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Hodgson E. Modern toxicology [2004].pdf
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324

RESPIRATORY TOXICITY

 

 

 

 

 

 

 

 

 

 

 

 

 

 

 

 

 

 

 

 

 

 

O

 

 

 

 

 

 

 

 

 

O

 

 

 

 

 

 

 

 

 

 

 

 

 

 

 

 

 

 

 

O

 

 

 

 

 

 

 

 

 

 

 

 

 

 

 

 

 

 

 

 

 

 

 

 

 

 

 

 

 

 

 

 

 

 

O

OH

 

 

O

 

 

 

OH

 

 

 

 

 

 

 

 

 

 

 

 

 

 

 

 

 

 

 

 

 

 

4-Ipomeanol

 

 

 

 

 

 

 

 

 

 

 

 

 

 

 

 

 

 

+

 

 

 

 

+

 

 

 

e

 

 

 

 

 

 

 

+

 

 

 

 

 

 

 

 

 

 

 

 

 

 

 

 

 

 

 

 

H3C

 

N

N

 

CH3

 

 

H3C

 

N

 

 

 

 

N

 

CH3

 

 

 

 

 

 

 

 

 

 

 

 

 

 

 

 

 

 

 

 

 

 

 

 

 

 

 

 

 

 

 

 

 

 

 

 

 

 

Paraquat

O2O2

Figure 18.4 Structure and activation of ipomeanol and paraquat.

Other toxic lung furans, such as the atmospheric contaminants 2-methylfuranand 3- methylfuran, may exert their toxicity through the formation of reactive metabolites, probably reactive aldehydes.

18.4.4Paraquat

Systemic administration of compounds such as the herbicide paraquat (Figure 18.4), bleomycin (a cancer therapeutic agent), and nitroflurantoin (an antibiotic used for urinary tract infections) initiate a progression of degenerative and potentially lethal lesions in the lung by a mechanism known as redox cycling. These compounds are reduced by cytochrome P450 reductase and NADPH, forming a free radical. Although the free radical could potentially react with tissue macromolecules, one molecule of oxygen is reduced to superoxide that can then be converted to other toxic oxygen species. These reactive compounds may cause peroxidation of cellular membranes. The specific toxicity of paraquat to the lung results from the uptake of this compound by the polyamine transport system in the lung as well as from the high pulmonary oxygen tension. Nitroflurantoin, however, is not actively accumulated in the lung, and its tissue specificity probably results from the high pulmonary oxygen tension.

18.5DEFENSE MECHANISMS

There are two important defense mechanisms against inhaled particles. The first of these involves the mucociliary escalator and consists of the trapping of particles in mucus followed by the upward movement of the mucus brought about by the upward beating of cilia on the airway epithelial airway cells. The material is then either swallowed or expectorated. The second mechanism is macrophage mediated. Macrophages engulf particles and either deposit them on the mucociliary escalator or enter the lymphatic system.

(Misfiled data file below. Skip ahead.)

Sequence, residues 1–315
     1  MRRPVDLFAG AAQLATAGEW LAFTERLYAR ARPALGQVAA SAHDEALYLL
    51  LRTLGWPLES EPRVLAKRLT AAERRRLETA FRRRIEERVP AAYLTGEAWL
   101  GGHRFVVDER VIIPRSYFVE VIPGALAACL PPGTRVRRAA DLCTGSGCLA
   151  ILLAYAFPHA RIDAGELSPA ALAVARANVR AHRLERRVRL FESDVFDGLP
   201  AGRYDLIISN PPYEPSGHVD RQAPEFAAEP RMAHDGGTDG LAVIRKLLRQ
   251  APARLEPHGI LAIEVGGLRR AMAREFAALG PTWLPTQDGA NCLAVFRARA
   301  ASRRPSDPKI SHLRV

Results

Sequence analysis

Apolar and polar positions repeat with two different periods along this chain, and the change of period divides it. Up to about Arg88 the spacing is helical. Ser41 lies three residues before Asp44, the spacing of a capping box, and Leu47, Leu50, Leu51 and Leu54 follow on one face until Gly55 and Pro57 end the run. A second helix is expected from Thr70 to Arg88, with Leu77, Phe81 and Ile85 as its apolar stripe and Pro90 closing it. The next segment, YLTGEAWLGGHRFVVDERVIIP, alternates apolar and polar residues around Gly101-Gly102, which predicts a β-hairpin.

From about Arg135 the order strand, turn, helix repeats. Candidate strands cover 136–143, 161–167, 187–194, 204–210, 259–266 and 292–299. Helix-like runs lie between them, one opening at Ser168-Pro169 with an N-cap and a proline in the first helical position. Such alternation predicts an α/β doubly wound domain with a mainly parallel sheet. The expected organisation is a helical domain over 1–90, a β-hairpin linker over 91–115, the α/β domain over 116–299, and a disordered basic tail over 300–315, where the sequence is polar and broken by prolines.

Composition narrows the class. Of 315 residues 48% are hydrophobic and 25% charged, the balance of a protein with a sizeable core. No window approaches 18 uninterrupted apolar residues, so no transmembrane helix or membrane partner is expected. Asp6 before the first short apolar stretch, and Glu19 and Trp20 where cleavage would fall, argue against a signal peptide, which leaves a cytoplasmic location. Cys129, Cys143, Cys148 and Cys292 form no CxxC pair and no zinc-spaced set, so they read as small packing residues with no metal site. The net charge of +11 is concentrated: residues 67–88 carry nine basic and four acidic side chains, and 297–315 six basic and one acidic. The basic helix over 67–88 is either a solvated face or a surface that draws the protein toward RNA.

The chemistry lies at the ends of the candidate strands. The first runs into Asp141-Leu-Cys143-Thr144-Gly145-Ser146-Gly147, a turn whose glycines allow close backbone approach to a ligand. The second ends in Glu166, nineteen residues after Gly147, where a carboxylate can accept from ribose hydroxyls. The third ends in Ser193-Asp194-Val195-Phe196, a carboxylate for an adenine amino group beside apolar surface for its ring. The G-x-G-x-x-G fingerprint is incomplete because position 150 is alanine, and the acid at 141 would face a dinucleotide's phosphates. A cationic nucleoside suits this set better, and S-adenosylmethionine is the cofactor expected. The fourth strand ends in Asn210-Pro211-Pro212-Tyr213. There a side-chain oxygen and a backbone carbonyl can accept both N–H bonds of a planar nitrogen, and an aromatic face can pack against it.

Toxicants may also be detoxified by xenobiotic-metabolizingenzymes such as cytochrome P450 or theflavin-containingmonooxygenase. It should be borne in mind, however, that these enzymes may also activate toxicants to more reactive, and potentially more toxic, metabolites.

SUGGESTED READING

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SUGGESTED READING

Bond, J. A. Metabolism and elimination of inhaled drugs and airborne chemicals from the lungs.

Pharmacol. Toxicol. 72: 36–47, 1993.

Cho, M., C. Chichester, C. Plopper, and A. Buckpitt. Biochemical factors important in Clara cell selective toxicity in the lung. Drug Metabol. Rev. 27:369–386,1995.

Dahl, A. R., and J. L. Lewis. Respiratory tract uptake of inhalants and metabolism of xenobiotics. An. Rev. Pharmacol. Toxicol. 32:383–407,1993.

Foth, H. Role of the lung in accumulation and metabolism of xenobiotic compounds-implicationsfor chemically induced toxicity.Crit. Rev. Toxicol. 25:165–205,1995.

Henderson, R. J., and K. J. Nikula. Respiratory tract toxicity. In Introduction to Biochemical Toxicology, 3rd ed., E. Hodgson and R. C. Smart, eds. New York:Wiley-Interscience,2001.

Wheeler, C. W., T. M. Guenthner. Cytochrome P450-dependentmetabolism of xenobiotics in human lung.J. Biochem. Toxicol. 6:163–169,1991.

Witschi, H. R., and J. A. Last. Toxic responses of the respiratory system. In Casarett and Doull’s Toxicology: The Science of Poisons, 6th ed., C. D. Klaassen, ed. New York:McGraw-Hill,2001, pp.515–534.